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Understand "||" and trim

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Contributor
Posts: 24
Accepted Solution

Understand "||" and trim

[ Edited ]

Can someone help me understand why the trim function here adds the "." in the output, whereas without trim the "." is not added? Thanks!

 

data Names;
	infile datalines dlm='@';
	input Name:$32.;
	datalines;
	Harry Micheal Henderson
	Larry Kerry Baldwin
	Jerry m. Stout
	;

data SplitNames;
	set Names;
	length Last $8;
	First = Scan(name,1);
	FirstName = trim(First);
	/* Trim functions doesn't seem to have any effect */
	Middle = Scan(name,2);
	MiddleIntial = upcase(substr(Middle,1,1));
	MiddleIntial = trim(MiddleIntial)||".";
	Last = Scan(name,3);
	label MiddleIntial="Middle Intital";
	drop Middle;
run;

proc print data = SplitNames label noobs;
run;

proc contents data = SplitNames;
run;

Output:

Name	                Last	        First	FirstName	Middle Intital
Harry Micheal Henderson	Henderso	Harry	Harry	        M.
Larry Kerry Baldwin	Baldwin	        Larry	Larry	        K.
Jerry m. Stout	        Stout	        Jerry	Jerry	        M.

But if I use the line:

 

 

MiddleIntial = MiddleIntial||".";

instead of:

MiddleIntial = trim(MiddleIntial)||".";

My output is:

Name	                Last	        First	FirstName	Middle Intital
Harry Micheal Henderson	Henderso	Harry	Harry	        M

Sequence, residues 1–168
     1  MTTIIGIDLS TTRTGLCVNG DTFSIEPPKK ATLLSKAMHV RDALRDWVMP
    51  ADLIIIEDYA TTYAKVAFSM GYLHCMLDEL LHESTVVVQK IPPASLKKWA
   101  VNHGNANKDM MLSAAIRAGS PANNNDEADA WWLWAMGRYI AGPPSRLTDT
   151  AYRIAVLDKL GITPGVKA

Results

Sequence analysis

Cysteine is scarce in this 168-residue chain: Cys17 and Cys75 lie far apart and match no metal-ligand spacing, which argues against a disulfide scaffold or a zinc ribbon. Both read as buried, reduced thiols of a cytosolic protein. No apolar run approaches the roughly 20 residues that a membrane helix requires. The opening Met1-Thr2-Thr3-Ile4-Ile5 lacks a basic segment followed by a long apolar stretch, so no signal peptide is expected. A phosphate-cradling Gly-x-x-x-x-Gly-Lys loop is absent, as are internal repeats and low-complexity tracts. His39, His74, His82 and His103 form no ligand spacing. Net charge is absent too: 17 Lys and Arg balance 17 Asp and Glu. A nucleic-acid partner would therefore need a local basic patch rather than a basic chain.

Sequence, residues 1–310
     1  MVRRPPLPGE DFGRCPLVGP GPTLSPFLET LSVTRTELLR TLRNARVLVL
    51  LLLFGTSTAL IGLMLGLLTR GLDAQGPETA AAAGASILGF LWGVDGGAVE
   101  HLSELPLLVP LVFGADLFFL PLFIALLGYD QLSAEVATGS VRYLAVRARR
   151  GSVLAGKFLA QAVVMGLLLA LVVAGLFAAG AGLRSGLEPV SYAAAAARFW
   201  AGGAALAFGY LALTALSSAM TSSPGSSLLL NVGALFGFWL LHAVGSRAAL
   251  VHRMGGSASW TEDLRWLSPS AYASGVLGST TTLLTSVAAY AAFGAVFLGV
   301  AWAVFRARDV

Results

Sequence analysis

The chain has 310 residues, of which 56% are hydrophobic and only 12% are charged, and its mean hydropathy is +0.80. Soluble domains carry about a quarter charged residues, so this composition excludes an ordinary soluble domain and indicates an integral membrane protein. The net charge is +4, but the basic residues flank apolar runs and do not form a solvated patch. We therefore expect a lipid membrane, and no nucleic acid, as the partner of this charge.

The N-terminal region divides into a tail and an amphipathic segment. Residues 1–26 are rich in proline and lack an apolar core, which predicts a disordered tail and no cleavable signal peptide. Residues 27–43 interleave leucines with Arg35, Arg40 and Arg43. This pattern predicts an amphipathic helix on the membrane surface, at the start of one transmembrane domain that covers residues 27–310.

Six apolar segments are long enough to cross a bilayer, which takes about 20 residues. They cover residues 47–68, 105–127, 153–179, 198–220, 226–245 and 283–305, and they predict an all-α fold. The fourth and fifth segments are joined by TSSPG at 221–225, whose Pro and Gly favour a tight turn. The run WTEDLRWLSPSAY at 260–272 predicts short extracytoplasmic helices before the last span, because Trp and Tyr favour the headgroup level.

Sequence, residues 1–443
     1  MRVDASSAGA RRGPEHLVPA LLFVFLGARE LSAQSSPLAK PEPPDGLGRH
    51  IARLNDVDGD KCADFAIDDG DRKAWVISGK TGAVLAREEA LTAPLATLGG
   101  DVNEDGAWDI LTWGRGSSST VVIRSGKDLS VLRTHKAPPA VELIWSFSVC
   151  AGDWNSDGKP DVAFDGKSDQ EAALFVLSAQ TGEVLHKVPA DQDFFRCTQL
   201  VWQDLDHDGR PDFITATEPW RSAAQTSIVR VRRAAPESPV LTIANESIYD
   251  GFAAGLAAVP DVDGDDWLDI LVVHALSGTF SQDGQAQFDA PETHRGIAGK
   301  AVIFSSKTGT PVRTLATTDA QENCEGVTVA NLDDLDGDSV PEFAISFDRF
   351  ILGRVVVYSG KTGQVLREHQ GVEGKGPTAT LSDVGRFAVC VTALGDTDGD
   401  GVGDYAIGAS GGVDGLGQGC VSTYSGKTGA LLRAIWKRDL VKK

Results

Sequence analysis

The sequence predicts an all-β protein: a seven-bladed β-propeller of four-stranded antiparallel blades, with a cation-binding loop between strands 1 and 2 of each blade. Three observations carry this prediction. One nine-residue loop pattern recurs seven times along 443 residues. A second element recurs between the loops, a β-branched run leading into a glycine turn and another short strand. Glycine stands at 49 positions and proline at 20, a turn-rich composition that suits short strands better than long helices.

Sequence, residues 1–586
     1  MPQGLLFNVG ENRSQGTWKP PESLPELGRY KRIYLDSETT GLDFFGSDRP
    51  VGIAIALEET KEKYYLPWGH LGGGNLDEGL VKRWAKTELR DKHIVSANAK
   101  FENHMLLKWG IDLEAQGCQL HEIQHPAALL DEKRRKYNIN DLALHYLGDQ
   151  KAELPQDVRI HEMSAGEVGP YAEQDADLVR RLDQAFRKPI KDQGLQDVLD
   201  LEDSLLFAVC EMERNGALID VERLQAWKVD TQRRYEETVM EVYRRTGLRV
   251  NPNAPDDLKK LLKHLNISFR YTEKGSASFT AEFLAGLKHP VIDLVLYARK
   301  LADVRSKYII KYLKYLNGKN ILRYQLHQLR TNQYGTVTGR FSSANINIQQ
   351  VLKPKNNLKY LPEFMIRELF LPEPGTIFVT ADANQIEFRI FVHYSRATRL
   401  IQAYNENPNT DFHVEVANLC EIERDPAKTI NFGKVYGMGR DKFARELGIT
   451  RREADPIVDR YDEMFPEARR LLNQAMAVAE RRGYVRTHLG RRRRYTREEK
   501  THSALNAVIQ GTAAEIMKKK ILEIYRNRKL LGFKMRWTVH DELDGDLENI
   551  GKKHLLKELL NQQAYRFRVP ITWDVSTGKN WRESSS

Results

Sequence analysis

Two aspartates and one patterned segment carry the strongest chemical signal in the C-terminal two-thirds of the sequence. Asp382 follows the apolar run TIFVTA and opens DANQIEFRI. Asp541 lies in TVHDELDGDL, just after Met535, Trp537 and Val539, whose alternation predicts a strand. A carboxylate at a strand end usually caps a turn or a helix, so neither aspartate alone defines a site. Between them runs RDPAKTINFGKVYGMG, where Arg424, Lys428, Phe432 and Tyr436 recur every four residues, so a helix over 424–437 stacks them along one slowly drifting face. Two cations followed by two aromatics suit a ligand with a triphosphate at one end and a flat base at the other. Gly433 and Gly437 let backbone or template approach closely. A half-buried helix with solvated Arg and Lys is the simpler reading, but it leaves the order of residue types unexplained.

Larry Kerry Baldwin	Baldwin	        Larry	Larry	        K
Jerry m. Stout	        Stout	        Jerry	Jerry	        M

Why?

 

 

 

 


Accepted Solutions
Solution
‎12-18-2015 11:06 AM
Super Contributor
Posts: 336

Re: Understand "||" and trim

Because the concatenation operator only puts character variables "next to each other". The resulting variable has the length of all the connected variables. Because the you didn't define the length of your character variables, they all have the same length. Thus, you either have to trim or define a longer variable (which would contain lots of spaces; would be MiddleInitial3 below).

 

data Names;
	infile datalines dlm='@';
	input Name:$32.;
	datalines;
	Harry Micheal Henderson
	Larry Kerry Baldwin
	Jerry m. Stout
	;

data SplitNames;
	set Names;
	length Last $8 MiddleInitial3 $33.;

	First = Scan(name,1);
	FirstName = trim(First);
	/* Trim functions doesn't seem to have any effect */
	Middle = Scan(name,2);
	MiddleIntial = upcase(substr(Middle,1,1));
	MiddleIntial = trim(MiddleIntial)||".";

	MiddleIntial2 = upcase(substr(Middle,1,1));